Human Remains By Miriam Kramer

Human Remains

It is an inarguable truth that
in death, someone always finds the
body. The remains
that once contained the living
parts of a loved one.

On the bottom
bunk of my first college
dorm room, I traced the faded
apologies scrawled
into my arm, while across 300
miles of telephone wire, I listened
to my mother’s voice. She said
the pain of missing me was a newly
permanent part of her.
Like someone had cut
off one of her limbs, and it wouldn’t stop
14 years later this phantom
pain remains with her,
I see it in the pallor of her
lips, lack of color blending
in to tanned skin.
She cannot afford to lose any more
I remember this when my throat
is full of bile flavored
The guilt a regenerating pit
rooted in my trachea.
This remorse laden asphyxiation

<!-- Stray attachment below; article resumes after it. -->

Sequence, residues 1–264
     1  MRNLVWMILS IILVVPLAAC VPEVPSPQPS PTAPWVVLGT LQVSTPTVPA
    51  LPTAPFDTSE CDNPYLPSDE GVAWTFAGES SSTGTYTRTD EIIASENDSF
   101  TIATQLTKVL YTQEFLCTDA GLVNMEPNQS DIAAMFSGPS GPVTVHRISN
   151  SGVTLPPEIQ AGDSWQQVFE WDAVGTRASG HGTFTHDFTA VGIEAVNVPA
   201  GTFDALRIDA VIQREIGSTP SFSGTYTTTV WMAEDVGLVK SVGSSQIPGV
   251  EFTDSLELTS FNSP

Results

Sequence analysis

is all
I would bequeath
to her.

If I died today,
my father would find my body, standing
over me. I would leave him
with shoulders slumped.
We have the same posture, curvature of spine.
Neither of us
would ever
stand upright

By Miriam Kramer


Miriam Kramer studied Creative Writing at Pacific University, and works at a local bookstore. She lives in Bound Brook, NJ, with her faucet obsessed cat, Ernie. She is overly sentimental, and has been known to rescue items from other peoples’ garbage.

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